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health reform: looking good « Previous | |Next »
September 22, 2008

As is becoming increasingly clear the Rudd Government's health reform aims to reduce health inequality and increase access to good health care. Inequality means poor health and poor health means inequality. The commitment to reform clashes with the interests of doctors as it seeks to remake the role of general practitioners and how health funding is delivered to the states.

What the reforms seek to do around primary care is for nurses, psychologists, physiotherapists and dieticians to take on more work traditionally performed by doctors. This directly attacks the way that the health system has been organized around doctors and the way that health care is funded by Medicare.

In a recent speech entitled 'The Light on the Hill: History Repeating', given as an address to the Annual Ben Chifley Memorial Light of the Hill Dinner in Bathurst, Nicola Roxon, the Minister of Health and Ageing, argues that prevention a key weapon in the arsenal of health. Investing just in hospitals can play only a very limited role in addressing disadvantage. It can do a great deal of good, but the chance at early intervention, and a better life, has been lost. It is the notorious ambulance at the bottom of the cliff – not the fence at the top that stops the fall in the first place.

Roxon goes on to say that our health system, including funding for health services, is organised almost entirely around doctors, despite the fact that many services are now safely and ably provided by other health professionals – nurses, psychologists, physiotherapists, dieticians and others:

Doctors must and will remain central to our health system. But to date, professional resistance and government funding have prevented the development of a health sector in which services are delivered not only by doctors, but by other health professionals who are safe, potentially cheaper and, most importantly, available....Doctors will need to be prepared to let go of some work that others can safely do. To ensure this transition, there needs to be an incentive for doctors to eschew less complex work, and focus on the work that does require their high-level skills and expertise. Or if doctors do not want to let go of it, to accept being paid less for devoting their highly skilled and heavily trained selves to less complex tasks then they might.

So the reform thrust is to addresse the historical bias towards medical intervention and acute care by shifting the focus of the health system to prevention and to explore the ways in which nurses and allied health professionals can take on some of the work of GP's.

| Posted by Gary Sauer-Thompson at 9:03 AM | | Comments (5)
Comments

Comments

The president of the Australian Medical Association, Rosanna Capolingua is opposed to the reforms. She says:

Overseas experience shows that putting in other layers of primary providers does not improve access to care, and in fact increases the cost because patients are being channelled to other providers first and then need to see a doctor anyway.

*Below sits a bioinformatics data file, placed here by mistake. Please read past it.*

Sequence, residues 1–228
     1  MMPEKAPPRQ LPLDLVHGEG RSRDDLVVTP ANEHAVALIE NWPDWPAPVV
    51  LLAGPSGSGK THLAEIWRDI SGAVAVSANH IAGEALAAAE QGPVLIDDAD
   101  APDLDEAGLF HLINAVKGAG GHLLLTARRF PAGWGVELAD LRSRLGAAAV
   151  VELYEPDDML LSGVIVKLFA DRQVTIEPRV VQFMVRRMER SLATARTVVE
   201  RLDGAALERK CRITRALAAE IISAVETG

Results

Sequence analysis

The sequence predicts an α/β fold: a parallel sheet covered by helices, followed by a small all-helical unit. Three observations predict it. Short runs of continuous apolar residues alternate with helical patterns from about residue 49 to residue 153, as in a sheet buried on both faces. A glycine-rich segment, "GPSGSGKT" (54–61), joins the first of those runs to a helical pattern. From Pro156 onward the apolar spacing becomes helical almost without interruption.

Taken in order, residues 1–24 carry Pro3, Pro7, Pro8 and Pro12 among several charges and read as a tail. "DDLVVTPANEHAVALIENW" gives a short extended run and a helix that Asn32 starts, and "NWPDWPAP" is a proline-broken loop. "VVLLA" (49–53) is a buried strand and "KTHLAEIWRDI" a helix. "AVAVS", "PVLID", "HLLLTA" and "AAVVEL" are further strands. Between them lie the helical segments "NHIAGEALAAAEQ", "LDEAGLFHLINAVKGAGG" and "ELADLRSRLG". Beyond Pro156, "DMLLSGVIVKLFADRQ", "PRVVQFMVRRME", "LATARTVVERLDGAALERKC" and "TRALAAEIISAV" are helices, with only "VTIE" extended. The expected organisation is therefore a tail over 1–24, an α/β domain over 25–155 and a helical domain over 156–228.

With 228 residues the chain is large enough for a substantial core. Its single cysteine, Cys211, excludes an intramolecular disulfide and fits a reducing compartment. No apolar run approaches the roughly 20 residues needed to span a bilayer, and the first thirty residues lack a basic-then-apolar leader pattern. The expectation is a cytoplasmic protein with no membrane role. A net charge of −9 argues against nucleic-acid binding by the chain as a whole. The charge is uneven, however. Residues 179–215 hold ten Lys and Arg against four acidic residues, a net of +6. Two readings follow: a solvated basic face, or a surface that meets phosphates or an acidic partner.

Capolingua says that Roxon is threatening Australian patients with a reduction in their rebate for when they want and need to see a doctor.

Overseas experience also shows that doctors very quickly change their practice patterns to adapt to remuneration schedules. Nothing wrong with that. Governments should harness this fact and use it as a tool to encourage doctors to provide the services that are most needed. One musn't forget that the AMA is essentially a lobby group, even a union (nothing wrong with that either) and will do anything to ensure they maintain as much power and influence as possible.

The other part to this debate extends beyond the mere technical aspect of treating and preventing disease. The most powerful illness preventor is a fair society, where the socio-economic spectrum is as narrow as possible and where access to education is equal. this is emerging as an undisputed fact in public health and health economics literature. I read somewhere that 'all policy is health policy'.

Health policy should thus operate within a more holistic and interconnected framework that includes tax, welfare and education instead of in isolation. Unfortunately this is not what the doctors want to hear as it undermines their power. It is a costly misconception that only clinical care or medically-driven health prevention promotes health.

The other half of the story is getting patients to change their habits when they do need services. Would it be right to say that people from higher socioeconomic groups are more likely to seek alternatives to the local GP?

Lyn, that's a good question. I'm not aware of any evidencce onthis but I feel that the answer may surprise. One of thereasons why is that higher SE individuals are time poor, thus less likely to wait to see a GP. Also, based on my own experience as an allied health clinician, it is usually the lower SE groups that think they need a GP referral for everything. But yes, education will defijnitely be needed along with price signals (inc wait times).

Based on my own experience as someone who's moved around a lot, you don't find an awful lot of allied health professionals setting up shop in lower SE areas. Assuming that that's because there's lower demand for their services, it also decreases the likelihood of people learning of their existence and seeing them as an alternative.